Tuesday, November 20, 2007


The most popular chant at the Red Sox Championship parade was "Re-Sign Lowell." At least, that was the most popular chant on the north side of Tremont Street. Theo and the Sox apparently heard us.

Another popular mantra was "Don't Sign A-Rod." The Yankee villain opted out of his already gargantuan contract in search of more money. Scott Boras's initial demands of 10 years and $350 million were soundly ignored by the Yankees and the rest of Major League Baseball. The evildoers, however, were able to reason with Rodriguez and they settled on a "modest" contract of $275 million for 10 years. Of course, a 10% raise over what was already the biggest contract in baseball history is nothing to sneeze at.

Lowell and the Red Sox agreed on a 3 year, $37.5 million deal that will keep the 2007 World Series MVP in hitter friendly Fenway Park until 2010. Reports say that the Philadelphia Phillies offered him $50 million for 4 years (same salary, one additional year). Lowell's decision to stay with the Sox despite the better offer demonstrates two things.

#1 Lowell likes it here in Boston

#2 Lowell does not want to play in Philadelphia. Who would?

Unlike the 2004 Championship team - which saw the immediate exits of Pedro Martinez, Derek Lowe, Bronson Arroyo, and Orland Cabrera; as well as the eventual departures of Johnny Damon, Bill Mueller, Keith Foulke, Alan Embree, Kevin Millar, and Mark Bellhorn - the transition from 2007 to 2008 will see much more of the team stay intact.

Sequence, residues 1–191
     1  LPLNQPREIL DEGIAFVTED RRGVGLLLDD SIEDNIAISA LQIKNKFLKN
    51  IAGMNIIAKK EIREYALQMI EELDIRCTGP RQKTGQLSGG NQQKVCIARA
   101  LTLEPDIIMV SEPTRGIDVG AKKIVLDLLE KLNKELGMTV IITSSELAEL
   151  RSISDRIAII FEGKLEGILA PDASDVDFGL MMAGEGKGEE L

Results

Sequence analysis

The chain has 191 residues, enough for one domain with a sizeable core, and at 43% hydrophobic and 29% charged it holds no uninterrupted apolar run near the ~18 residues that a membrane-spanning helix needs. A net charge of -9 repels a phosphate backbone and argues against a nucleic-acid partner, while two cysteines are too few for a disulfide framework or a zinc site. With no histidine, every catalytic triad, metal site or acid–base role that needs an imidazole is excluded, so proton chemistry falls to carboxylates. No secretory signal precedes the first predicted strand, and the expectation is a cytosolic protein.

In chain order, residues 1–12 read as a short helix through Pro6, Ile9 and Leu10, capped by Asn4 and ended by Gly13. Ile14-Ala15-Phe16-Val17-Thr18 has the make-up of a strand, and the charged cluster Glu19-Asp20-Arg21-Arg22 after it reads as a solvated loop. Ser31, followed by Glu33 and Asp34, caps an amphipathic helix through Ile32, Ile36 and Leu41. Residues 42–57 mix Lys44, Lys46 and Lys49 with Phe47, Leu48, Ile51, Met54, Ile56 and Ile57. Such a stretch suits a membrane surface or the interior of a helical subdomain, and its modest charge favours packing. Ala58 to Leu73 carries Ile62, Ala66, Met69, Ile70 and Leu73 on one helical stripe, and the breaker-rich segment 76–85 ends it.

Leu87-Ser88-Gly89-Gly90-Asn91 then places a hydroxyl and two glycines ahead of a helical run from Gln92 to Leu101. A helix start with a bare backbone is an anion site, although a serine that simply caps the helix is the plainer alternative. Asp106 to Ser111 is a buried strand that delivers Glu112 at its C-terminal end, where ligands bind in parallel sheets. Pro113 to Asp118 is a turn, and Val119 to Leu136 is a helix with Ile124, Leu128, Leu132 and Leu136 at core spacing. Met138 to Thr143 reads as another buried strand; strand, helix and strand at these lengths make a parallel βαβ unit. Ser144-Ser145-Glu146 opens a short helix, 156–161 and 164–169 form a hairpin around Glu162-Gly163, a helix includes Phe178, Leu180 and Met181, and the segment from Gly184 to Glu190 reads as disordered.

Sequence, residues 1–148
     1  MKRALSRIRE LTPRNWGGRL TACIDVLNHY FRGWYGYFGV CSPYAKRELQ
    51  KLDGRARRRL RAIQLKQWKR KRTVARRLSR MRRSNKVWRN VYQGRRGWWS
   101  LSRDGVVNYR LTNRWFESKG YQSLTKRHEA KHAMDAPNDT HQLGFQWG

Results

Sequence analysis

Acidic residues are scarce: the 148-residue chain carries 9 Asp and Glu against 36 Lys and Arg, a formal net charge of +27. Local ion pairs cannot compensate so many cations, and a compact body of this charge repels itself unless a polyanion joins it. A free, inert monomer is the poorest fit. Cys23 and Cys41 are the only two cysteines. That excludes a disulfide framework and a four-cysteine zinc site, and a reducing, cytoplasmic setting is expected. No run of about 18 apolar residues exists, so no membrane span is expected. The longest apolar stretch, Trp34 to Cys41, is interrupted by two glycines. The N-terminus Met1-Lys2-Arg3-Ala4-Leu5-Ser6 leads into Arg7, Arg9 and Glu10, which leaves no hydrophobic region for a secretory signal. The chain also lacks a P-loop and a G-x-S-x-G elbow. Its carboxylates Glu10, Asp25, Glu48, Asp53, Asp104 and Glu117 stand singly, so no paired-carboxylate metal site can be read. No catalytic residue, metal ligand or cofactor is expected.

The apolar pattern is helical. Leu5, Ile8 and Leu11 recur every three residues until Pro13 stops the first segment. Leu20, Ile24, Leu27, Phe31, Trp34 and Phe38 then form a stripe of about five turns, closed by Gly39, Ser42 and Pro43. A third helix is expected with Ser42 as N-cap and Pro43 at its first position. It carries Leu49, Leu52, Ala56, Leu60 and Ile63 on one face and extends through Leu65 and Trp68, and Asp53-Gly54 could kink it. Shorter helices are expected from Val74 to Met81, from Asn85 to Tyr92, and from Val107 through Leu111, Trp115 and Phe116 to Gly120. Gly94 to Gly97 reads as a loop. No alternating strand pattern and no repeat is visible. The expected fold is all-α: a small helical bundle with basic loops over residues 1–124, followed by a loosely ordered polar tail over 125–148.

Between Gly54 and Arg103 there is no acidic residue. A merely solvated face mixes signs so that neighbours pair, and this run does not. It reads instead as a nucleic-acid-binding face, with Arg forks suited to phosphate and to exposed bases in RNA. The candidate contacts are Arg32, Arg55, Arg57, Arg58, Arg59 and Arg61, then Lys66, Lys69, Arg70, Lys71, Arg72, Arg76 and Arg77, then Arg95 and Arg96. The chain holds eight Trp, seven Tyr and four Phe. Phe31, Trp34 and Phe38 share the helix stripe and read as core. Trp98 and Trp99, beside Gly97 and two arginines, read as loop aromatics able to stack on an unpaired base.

It isn't even December and the following starting positions have already been determined:

C - Jason Varitek
1B - Kevin Youkilis
2B - Dustin Pedroia
3B - Mike Lowell
SS - Julio Lugo
LF - Manny Ramirez
CF - ???
RF - JD Drew
DH - David Ortiz

SP - Josh Beckett
SP - Daisuke Matsuzaka
SP - Curt Schilling
SP - Tim Wakefield (this could change)
SP - ???

What remains to be decided is what to do in center-field. The impressive late season performance of Jacoby Ellsbury almost ensured that Coco Crisp will be traded. The question mark in the rotation is due to a multitude of candidates to fill the spot as opposed to a lack of pitching. Bucholz, Lester, and Tavarez are all possibilities. And don't be surprised if Papelbon's name gets mentioned in the starting rotation mix.

The big load of question marks are for the bullpen. Papelbon is the closer, Okajima will set-up, but the Red Sox need to add more depth in this area. Manny Delcarmen has yet to emerge as a reliable set-up option. He had spurts of brilliance last year, but these were followed by stretches of mediocrity.

A healthy Brendan Donnelley should help to deepen the bullpen. Before getting injured, Donnelley had a 3.05 ERA and a 1.16 WHIP in 20.2 IP.

Moving Wakefield would also be a benefit to the relief corps. As it is, Wakefield doesn't promise to give us too many good innings as a starter. His knuckleball could prove to be an excellent change of pace from hard throwers like Beckett, setting up for another hard thrower in Papelbon. Tim's pitched out of the pen before with varying success.